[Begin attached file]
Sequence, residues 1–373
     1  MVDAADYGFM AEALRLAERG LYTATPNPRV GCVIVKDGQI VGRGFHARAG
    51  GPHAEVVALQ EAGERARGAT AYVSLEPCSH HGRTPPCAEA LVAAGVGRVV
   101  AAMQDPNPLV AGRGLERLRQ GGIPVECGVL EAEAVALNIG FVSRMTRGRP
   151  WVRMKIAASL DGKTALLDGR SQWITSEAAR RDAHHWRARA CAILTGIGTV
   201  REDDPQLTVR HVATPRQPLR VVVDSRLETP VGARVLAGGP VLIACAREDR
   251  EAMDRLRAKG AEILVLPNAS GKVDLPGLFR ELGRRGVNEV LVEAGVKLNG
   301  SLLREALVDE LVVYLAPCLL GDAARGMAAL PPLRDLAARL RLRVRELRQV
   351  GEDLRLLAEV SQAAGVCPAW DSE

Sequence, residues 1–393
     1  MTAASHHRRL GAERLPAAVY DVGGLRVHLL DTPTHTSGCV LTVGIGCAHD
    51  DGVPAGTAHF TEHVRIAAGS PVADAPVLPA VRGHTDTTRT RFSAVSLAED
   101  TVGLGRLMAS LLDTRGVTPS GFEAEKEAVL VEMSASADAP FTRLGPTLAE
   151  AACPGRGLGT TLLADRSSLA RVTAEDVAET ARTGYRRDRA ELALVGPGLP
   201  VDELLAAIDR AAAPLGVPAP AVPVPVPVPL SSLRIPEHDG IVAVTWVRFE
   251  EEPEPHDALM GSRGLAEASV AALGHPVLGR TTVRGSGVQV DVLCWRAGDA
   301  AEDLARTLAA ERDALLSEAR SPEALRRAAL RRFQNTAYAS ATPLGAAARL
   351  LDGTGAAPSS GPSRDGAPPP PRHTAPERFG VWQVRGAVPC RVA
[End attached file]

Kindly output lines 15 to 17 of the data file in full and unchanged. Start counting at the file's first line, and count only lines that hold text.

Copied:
   201  VDELLAAIDR AAAPLGVPAP AVPVPVPVPL SSLRIPEHDG IVAVTWVRFE
   251  EEPEPHDALM GSRGLAEASV AALGHPVLGR TTVRGSGVQV DVLCWRAGDA
   301  AEDLARTLAA ERDALLSEAR SPEALRRAAL RRFQNTAYAS ATPLGAAARL